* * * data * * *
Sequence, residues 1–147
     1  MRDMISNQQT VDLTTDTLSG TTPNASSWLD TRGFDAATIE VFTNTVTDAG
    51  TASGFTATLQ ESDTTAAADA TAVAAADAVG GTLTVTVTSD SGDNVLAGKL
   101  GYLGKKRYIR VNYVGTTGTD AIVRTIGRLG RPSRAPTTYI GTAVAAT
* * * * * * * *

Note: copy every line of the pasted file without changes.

Sequence, residues 1–147
     1  MRDMISNQQT VDLTTDTLSG TTPNASSWLD TRGFDAATIE VFTNTVTDAG
    51  TASGFTATLQ ESDTTAAADA TAVAAADAVG GTLTVTVTSD SGDNVLAGKL
   101  GYLGKKRYIR VNYVGTTGTD AIVRTIGRLG RPSRAPTTYI GTAVAAT